In early 1965, when Horton was in the sixth grade at Robinson Elementary School, Staff Sgt. Paul Guglietta was recuperating from shrapnel wounds he received in combat. Horton was one of several Grand Haven-area students whose assignment was to write a letter to an American soldier fighting in Vietnam.
“I was 12 years old and I was writing to someone on the other side of the world,” said Horton, who turns 58 this week. “I knew there was a war going on because it was on the news all the time, (but) I didn’t know much about it. But, back then, boys my age went out and played Army — and he was in the Army.”
So Horton finished his letter and turned it in.
“The school sent them out and Paul happened to get my letter, and he mailed back to me,” Horton recalled. “But, after two or three letters, we just lost correspondence.”
After that, Horton said he didn’t think any further about Guglietta.
Horton graduated from Grand Haven High School in 1972 and joined the U.S. Coast Guard when he turned 18. He was assigned to the icebreaker Mackinaw.
“Then my life went on and I didn’t think of Paul again,” Horton said.
Until late last month.
After remembering Guglietta and his letters, Horton decided he would find his old pen pal. Using the website whitepages.com, he entered the name “Paul S. Guglietta” and got three results. Horton wrote three letters, explaining who he was and what he was trying to do.
Horton’s phone rang on Nov. 24. It turned out that Horton not only had reconnected with his Vietnam War pen pal, but also had succeeded in contacting Guglietta’s son and grandson.
Since that phone conversation, the two men have begun another exchange — via e-mail. When Guglietta — now 74 and living in Melbourne, Fla. — discovered that Horton lives in Michigan, he told Horton that he had been stationed in Grand Rapids just before shipping out to Vietnam.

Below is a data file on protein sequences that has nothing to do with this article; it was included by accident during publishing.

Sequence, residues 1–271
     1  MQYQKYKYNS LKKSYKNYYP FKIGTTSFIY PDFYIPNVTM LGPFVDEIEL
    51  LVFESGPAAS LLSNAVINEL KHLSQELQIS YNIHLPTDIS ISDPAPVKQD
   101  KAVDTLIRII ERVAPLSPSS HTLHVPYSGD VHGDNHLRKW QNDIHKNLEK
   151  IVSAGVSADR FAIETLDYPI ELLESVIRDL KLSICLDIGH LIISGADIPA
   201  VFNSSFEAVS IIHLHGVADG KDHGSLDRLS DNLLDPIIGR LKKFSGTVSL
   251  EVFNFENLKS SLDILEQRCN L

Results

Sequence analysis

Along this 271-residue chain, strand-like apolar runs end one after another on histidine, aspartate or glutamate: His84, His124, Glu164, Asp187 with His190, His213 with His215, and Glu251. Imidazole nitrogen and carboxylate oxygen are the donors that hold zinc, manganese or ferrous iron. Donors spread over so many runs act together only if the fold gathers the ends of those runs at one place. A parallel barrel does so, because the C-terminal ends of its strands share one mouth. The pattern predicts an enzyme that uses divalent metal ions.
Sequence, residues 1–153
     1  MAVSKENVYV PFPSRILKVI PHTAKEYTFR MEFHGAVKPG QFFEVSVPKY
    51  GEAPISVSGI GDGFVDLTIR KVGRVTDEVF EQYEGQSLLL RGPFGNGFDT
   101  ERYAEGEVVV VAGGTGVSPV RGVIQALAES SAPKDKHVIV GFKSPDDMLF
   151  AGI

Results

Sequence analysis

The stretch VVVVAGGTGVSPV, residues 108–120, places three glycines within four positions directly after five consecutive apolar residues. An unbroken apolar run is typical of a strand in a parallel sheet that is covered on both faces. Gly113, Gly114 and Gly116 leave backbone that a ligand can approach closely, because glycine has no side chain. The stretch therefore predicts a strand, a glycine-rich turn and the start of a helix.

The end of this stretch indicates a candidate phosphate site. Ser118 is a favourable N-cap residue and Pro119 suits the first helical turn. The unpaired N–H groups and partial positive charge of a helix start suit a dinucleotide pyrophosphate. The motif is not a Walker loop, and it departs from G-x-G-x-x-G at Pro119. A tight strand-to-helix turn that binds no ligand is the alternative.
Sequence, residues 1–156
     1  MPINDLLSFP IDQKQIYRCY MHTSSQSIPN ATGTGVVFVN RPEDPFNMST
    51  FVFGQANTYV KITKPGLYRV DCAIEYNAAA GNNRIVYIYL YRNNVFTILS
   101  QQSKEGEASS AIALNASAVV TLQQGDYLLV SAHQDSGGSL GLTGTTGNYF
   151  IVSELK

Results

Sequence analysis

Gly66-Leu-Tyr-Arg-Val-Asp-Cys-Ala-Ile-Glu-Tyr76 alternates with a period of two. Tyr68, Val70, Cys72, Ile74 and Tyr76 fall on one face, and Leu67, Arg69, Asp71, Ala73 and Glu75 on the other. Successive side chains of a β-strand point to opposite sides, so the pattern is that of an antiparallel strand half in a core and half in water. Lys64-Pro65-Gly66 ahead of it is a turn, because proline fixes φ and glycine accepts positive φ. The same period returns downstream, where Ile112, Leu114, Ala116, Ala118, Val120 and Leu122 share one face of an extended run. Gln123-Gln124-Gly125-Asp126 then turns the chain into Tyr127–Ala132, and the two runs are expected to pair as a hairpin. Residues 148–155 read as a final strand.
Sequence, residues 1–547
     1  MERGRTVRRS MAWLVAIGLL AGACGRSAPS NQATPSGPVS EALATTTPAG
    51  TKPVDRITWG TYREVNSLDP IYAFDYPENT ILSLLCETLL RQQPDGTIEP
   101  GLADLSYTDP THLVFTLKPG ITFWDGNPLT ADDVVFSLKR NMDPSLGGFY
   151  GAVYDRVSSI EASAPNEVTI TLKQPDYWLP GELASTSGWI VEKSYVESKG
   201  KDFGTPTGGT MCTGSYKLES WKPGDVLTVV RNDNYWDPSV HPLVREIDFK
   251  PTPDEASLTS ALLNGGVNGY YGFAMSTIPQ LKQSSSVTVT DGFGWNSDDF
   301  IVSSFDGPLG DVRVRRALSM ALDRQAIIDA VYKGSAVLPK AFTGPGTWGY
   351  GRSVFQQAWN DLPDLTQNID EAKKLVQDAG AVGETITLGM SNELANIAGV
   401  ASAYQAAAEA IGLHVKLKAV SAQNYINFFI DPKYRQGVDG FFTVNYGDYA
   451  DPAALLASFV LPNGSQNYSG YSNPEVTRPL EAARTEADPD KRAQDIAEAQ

“We were only 30 miles from each other before I started writing to him, and I never even knew it,” Horton said.
The story of the virtual reunion was published in Florida Today on the day before Thanksgiving.
“I was happy that he contacted me,” Guglietta told the newspaper. “Now I’ve made a new friend.”
In a recent e-mail to Horton, Guglietta said he gets “nice comments” about the newspaper article when he shops around Melbourne, but he’s quick to reply that it was Horton’s initiative that made it a story.
“Because it’s all about you,” Guglietta wrote. “... By your simple act after all these years, it’s wonderful in itself. Many people are touched by what you did.”
Guglietta said that he remembered when he received his very first letter from Horton 45 years ago. Serving with the 1st Battalion Airborne, 8th Cavalry, 1st Air Cavalry Division, Guglietta was recuperating from wounds he received on Nov. 17, 1965.
The sentiment is shared, Horton said.
“We’re back in touch with each other and, in fact, we’d like to meet each other some time,” Horton said. “I was lucky to remember his name.”
Horton had worked at Grand Haven Brass Foundry until it closed several years ago, and he then moved to Middleville and later Cheboygan. He married his wife, Sue, four years ago, and they soon moved to a house on Grand Haven’s east side. Horton now works for Magna Glass and Ceiling Systems in Holland, and he hopes to visit Guglietta in Florida sometime next year.
Tribune Multimedia Editor Mark Brooky contributed to this story.